Endgame: FCC abandons editorial-bias study

Been a while since we had an old-fashioned Friday afternoon news dump. This one was a cinch, though: The FCC’s been backing away from the newsroom study for more than a week, starting soon after Ajit Pai published his op-ed about it on February 10th and then accelerating after Fox News took up the cause this week. The FCC tried to compromise with Republican critics by pulling questions about editorial judgment from the study, but that was silly. After the IRS scandal, conservatives simply aren’t going to trust a federal agency to be non-ideological about a project like this. Spiking it was the only acceptable compromise.

Technically they’re suspending the pilot study in South Carolina until it can be re-designed, but the agency’s new statement stresses that “Any subsequent market studies conducted by the FCC, if determined necessary, will not seek participation from or include questions for media owners, news directors or reporters.” So much for Fairness Doctrine 2.0.

The Federal Communications Commission announced Friday that it was putting on hold a controversial study of American newsrooms, after complaints from Republican lawmakers and media groups that the project was too intrusive…

Commissioner Ajit Pai, who was one of the staunchest critics of the proposal, heralded the decision Friday as an acknowledgement that government-backed researchers would not be dispatched into newsrooms, as feared.

“This study would have thrust the federal government into newsrooms across the country, somewhere it just doesn’t belong,” he said in a statement. “The Commission has now recognized that no study by the federal government, now or in the future, should involve asking questions to media owners, news directors, or reporters about their practices. This is an important victory for the First Amendment.”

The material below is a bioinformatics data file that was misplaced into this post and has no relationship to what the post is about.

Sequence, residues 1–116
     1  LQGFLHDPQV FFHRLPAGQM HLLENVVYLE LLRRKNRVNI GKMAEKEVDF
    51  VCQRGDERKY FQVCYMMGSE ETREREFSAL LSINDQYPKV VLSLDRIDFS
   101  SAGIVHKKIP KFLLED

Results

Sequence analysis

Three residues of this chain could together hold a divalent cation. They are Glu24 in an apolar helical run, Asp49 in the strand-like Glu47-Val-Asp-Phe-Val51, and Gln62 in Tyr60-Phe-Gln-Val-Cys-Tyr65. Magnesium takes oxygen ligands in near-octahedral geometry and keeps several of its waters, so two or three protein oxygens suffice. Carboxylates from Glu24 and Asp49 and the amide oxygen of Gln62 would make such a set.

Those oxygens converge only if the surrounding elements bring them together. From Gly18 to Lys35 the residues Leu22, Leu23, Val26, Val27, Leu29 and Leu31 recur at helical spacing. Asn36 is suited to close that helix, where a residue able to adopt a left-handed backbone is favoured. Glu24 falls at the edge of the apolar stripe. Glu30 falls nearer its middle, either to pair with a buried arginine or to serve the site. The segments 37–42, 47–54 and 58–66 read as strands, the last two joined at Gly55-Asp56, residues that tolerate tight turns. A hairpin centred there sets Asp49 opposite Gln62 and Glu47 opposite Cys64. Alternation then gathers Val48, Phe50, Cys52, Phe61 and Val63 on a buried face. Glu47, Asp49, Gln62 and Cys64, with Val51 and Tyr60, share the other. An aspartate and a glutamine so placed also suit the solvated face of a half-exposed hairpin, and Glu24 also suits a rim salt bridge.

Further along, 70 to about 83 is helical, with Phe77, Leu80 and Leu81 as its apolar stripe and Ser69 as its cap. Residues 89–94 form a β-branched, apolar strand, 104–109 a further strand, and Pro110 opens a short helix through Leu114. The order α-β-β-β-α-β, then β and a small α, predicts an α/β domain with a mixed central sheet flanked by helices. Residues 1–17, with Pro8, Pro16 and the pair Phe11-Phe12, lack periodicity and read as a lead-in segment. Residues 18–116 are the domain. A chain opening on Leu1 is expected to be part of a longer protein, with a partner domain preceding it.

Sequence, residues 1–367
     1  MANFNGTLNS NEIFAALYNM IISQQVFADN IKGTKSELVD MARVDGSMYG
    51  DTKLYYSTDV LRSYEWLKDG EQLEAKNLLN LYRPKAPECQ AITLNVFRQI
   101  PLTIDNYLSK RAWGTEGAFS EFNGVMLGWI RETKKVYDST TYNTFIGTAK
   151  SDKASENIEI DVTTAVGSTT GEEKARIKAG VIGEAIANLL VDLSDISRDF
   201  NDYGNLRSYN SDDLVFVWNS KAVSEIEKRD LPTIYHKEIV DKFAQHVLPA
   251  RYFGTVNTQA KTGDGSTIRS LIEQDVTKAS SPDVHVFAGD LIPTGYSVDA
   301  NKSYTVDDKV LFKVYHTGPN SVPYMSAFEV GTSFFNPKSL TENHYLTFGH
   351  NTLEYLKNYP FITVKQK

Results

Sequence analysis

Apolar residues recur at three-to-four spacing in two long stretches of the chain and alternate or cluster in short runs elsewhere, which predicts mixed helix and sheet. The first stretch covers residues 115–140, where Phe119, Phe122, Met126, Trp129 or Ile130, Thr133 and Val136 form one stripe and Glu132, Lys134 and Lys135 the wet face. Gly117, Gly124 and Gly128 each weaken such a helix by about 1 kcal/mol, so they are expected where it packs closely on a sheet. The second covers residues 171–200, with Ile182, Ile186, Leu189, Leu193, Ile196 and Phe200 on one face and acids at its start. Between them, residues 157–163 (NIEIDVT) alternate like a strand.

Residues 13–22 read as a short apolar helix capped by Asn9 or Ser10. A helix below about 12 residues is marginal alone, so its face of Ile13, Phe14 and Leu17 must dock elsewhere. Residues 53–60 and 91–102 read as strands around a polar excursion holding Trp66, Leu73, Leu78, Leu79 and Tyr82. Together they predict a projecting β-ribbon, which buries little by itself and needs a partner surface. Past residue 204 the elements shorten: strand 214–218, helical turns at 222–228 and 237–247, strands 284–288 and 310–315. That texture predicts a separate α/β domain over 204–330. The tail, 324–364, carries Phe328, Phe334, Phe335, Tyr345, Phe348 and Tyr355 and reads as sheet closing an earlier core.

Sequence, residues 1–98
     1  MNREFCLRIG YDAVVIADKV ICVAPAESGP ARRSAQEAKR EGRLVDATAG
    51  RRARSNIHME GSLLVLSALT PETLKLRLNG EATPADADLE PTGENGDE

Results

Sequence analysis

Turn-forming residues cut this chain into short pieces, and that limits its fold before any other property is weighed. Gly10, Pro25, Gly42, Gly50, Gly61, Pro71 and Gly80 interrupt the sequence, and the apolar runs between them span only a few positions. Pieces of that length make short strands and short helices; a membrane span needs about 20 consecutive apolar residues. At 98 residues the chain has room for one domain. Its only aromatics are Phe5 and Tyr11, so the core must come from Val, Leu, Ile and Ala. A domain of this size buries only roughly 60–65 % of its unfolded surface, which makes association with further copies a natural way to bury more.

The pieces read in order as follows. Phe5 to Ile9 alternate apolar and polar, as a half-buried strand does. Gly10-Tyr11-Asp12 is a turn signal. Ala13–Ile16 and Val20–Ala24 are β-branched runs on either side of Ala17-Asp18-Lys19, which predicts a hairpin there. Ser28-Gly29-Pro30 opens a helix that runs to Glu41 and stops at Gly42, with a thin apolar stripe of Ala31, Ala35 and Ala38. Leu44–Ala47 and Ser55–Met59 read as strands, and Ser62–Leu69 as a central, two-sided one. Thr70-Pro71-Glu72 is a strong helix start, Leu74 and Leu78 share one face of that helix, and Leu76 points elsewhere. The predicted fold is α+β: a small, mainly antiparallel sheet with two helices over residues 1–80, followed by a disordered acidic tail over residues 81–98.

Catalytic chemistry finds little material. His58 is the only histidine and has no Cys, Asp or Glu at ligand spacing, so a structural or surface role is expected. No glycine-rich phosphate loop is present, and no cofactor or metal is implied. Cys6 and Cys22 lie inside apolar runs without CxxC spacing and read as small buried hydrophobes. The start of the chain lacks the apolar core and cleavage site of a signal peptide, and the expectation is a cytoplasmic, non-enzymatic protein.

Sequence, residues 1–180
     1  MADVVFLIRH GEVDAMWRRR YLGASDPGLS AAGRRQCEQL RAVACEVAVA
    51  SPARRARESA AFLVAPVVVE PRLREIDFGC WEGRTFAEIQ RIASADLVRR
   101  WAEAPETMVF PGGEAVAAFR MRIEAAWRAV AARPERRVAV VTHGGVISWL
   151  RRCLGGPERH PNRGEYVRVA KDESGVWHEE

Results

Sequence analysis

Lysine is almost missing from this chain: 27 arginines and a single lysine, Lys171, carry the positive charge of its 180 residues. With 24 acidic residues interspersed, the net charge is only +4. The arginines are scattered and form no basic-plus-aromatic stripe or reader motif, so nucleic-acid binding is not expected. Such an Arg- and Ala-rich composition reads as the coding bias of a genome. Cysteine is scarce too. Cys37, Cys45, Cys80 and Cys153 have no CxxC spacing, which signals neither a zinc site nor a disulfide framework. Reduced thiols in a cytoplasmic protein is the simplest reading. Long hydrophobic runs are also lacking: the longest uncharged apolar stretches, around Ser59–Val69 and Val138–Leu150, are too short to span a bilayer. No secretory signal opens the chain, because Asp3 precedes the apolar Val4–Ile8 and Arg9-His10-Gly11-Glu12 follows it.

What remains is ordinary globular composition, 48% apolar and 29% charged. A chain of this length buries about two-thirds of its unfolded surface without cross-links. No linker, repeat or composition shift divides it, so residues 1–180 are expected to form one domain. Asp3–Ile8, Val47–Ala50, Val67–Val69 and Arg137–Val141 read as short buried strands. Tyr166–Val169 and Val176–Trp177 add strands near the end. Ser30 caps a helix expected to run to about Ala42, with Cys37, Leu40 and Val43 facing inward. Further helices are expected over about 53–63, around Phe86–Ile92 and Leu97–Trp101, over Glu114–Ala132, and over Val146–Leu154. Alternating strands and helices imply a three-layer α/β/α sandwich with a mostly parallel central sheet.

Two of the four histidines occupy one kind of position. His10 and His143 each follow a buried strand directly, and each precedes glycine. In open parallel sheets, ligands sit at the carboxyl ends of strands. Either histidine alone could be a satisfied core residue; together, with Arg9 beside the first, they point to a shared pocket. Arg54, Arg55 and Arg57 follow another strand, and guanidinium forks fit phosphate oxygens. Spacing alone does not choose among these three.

Tim Cavanaugh at NRO wonders if the study was ever a priority for the FCC, and whether it might not be a distraction from a different type of agency interference with the market. No one in Columbia, South Carolina, the target of the pilot study, was ever contacted about it; in fact, the study was developed under the former head of the FCC, not current head Tom Wheeler. Could be it was more trouble to Wheeler than it’s worth. Especially if Cavanaugh’s right that the FCC’s more interested in developing race-based media ownership rules than a new Fairness Doctrine for viewpoints expressed on the air. Why antagonize the opposition party needlessly over a low priority when doing so is bound to get their backs up over a higher one? Especially when the midterms are coming up and they have every reason to use this as a rallying cry.

Actually, I wouldn’t mind the FCC grilling NBC on its editorial judgment in airing this. Good lord.